Dead pheasants hung from a railing

Thanks to the shooting industry, your dog’s food might cause lead posioning

A new study into lead shot has confirmed what we already know – it’s creating toxicity in foods that reach supermarket shelves. But this study shows that it has affected dog food too.

On 3 May, environmental research journal Ambio published a study into the levels of lead found in commercial dog food. Headed up by Debbie Pain, of the University of Cambridge’s Zoology department, it found concentrations of lead in some dog food to be nearly 50 times higher than the EU’s maximum residue level (MRL).

The researchers analysed raw, air-dried and processed wet dog foods, some of which were pheasant-based and others chicken-based. And it found that the raw and air-dried food products made from pheasants overwhelmingly contained lead:

“About three quarters of raw pheasant dogfood samples analysed had lead concentrations exceeding maximum levels permitted in animal feed”

In particular, the study noted that the mincing process used to turn dead pheasants into raw dog food caused “additional fragmentation” of the lead ammunition. As a result, it made lead’s presence more ubiquitous throughout food products and increased its concentration under analysis.

Meanwhile, only one sample of pheasant-based processed (tinned) food contained traces of lead. The researchers were unable to ascertain the reason for this. They suggested it may be down to the origin of the pheasants, such as meat taken from pheasants “slaughtered while captive”, or that the pheasants came from shoots that don’t use lead shot. However, as Protect the Wild previously reported, a recent study found very few pheasants destined for human consumption were killed using non-lead shot.

There is, of course, no safe level of lead consumption for humans. The study said that “lead affects all mammals in a broadly similar way”, and that other studies have found gun dogs in Europe with lead levels nearly at the threshold for poisoning. As a result, such food could cause gastrointestinal, renal, cardiovascular and other serious health problems.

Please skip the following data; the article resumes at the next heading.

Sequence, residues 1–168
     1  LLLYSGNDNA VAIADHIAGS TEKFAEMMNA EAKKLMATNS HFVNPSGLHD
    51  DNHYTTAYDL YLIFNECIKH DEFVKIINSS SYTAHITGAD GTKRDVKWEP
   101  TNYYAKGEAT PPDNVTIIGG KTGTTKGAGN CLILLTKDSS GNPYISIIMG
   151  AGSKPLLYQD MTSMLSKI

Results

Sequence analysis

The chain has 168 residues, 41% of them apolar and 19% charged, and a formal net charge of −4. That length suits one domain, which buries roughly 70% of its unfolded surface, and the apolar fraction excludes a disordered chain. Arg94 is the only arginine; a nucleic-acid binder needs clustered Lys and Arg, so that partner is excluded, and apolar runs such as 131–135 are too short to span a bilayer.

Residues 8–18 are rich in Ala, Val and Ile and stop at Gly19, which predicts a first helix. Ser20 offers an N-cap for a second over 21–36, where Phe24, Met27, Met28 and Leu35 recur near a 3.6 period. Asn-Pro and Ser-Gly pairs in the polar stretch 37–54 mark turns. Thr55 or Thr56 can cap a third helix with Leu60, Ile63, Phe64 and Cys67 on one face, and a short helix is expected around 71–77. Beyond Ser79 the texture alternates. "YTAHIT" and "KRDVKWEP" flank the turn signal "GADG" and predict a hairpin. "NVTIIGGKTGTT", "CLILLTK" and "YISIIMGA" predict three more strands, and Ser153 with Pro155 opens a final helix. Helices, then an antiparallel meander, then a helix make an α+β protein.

It also highlighted that, given the rising popularity of raw food diets for domestic dogs, and the high concentration of lead found in such pheasant-based products, the “possibility of lethal exposure” to young puppies “cannot be discounted”.

Not just dog food

Protect the Wild previously covered a review – which Debbie Pain was also involved with – into lead traces in dead pheasants sold for human consumption. Published in February, it found that 94% of sampled pheasant bodies taken directly from retailers contained lead shotgun pellets.

In that case, the findings came three years into a supposed five-year resolution by the shooting industry to eliminate the use of lead. And off the back of the review’s finding, campaign group Wild Justice called for an outright ban on lead shot in the UK.

The study into dog food contains a similar plea. After laying out that:

“77% of samples from three raw pheasant dogfood products exceeded the EU [MRL] for lead in animal feed, with mean concentrations approximately 245, 135 and 49 times above the MRL.”

The study then pointed out that the only proper method of eliminating the risk of lead toxicity to domestic dogs is to get rid of lead shotgun pellets. It said that an “overarching One Health approach” replacing lead with non-toxic alternatives would benefit “humans, wildlife and the environment”.

Of course, the best way to benefit wildlife, the environment and (most) humans is to do away with the shooting industry altogether. It has shown itself incapable of basic decency by getting rid of ammunition that is causing widespread collateral damage. Thus, we can’t expect it to make any decisions that actually prioritise humans, animals and the planet over murdering birds and making profits. The sooner it is finished, the sooner our dog friends and ourselves can be safer.

Featured image via malcolm west/Pixabay